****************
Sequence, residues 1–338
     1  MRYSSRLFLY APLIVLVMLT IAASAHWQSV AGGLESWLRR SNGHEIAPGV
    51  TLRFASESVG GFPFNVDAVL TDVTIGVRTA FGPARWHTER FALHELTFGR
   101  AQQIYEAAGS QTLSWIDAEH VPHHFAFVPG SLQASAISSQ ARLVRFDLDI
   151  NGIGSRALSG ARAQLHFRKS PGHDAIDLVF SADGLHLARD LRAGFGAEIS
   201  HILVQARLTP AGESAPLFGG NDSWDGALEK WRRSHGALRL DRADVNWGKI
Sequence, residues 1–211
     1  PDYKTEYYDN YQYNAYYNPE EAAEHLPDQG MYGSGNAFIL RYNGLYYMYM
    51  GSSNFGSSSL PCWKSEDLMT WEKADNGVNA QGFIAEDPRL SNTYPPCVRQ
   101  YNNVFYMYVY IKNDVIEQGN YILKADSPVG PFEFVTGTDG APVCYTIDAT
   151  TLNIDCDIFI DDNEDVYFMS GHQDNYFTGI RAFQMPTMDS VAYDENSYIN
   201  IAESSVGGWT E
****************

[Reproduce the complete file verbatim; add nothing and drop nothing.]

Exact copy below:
Sequence, residues 1–338
     1  MRYSSRLFLY APLIVLVMLT IAASAHWQSV AGGLESWLRR SNGHEIAPGV
    51  TLRFASESVG GFPFNVDAVL TDVTIGVRTA FGPARWHTER FALHELTFGR
   101  AQQIYEAAGS QTLSWIDAEH VPHHFAFVPG SLQASAISSQ ARLVRFDLDI
   151  NGIGSRALSG ARAQLHFRKS PGHDAIDLVF SADGLHLARD LRAGFGAEIS
   201  HILVQARLTP AGESAPLFGG NDSWDGALEK WRRSHGALRL DRADVNWGKI
Sequence, residues 1–211
     1  PDYKTEYYDN YQYNAYYNPE EAAEHLPDQG MYGSGNAFIL RYNGLYYMYM
    51  GSSNFGSSSL PCWKSEDLMT WEKADNGVNA QGFIAEDPRL SNTYPPCVRQ
   101  YNNVFYMYVY IKNDVIEQGN YILKADSPVG PFEFVTGTDG APVCYTIDAT
   151  TLNIDCDIFI DDNEDVYFMS GHQDNYFTGI RAFQMPTMDS VAYDENSYIN
   201  IAESSVGGWT E